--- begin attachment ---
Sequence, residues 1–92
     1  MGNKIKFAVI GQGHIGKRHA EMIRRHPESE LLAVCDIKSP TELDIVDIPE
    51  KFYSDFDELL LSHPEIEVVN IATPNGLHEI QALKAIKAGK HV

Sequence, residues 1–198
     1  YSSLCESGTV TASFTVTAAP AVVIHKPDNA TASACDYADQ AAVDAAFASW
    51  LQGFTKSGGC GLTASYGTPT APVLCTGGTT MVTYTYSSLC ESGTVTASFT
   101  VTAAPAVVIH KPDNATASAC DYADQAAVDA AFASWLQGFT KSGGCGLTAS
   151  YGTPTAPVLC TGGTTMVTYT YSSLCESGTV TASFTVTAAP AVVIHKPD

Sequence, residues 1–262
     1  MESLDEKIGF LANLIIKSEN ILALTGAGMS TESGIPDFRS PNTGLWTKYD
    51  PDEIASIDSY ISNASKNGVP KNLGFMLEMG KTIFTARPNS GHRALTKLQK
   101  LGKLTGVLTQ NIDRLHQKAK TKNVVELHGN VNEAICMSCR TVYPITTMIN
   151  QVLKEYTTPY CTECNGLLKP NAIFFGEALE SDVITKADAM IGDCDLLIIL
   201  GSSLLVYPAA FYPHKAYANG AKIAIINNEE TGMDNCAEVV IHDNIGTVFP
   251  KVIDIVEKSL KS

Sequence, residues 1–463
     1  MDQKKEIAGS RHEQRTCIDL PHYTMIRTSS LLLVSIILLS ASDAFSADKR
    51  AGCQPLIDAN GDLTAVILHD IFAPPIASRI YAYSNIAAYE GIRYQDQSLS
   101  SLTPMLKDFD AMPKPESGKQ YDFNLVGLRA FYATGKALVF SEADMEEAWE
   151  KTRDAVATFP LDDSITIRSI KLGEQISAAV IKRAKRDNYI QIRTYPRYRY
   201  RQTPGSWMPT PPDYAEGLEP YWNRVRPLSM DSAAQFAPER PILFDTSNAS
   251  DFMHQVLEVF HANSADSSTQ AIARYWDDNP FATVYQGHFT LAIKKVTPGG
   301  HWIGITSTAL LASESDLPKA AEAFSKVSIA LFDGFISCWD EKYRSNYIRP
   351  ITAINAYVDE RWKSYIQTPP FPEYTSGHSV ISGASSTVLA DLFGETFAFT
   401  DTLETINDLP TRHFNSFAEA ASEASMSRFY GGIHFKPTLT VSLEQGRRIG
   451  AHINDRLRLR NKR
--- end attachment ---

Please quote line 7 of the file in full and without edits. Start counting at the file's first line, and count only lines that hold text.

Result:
   101  VTAAPAVVIH KPDNATASAC DYADQAAVDA AFASWLQGFT KSGGCGLTAS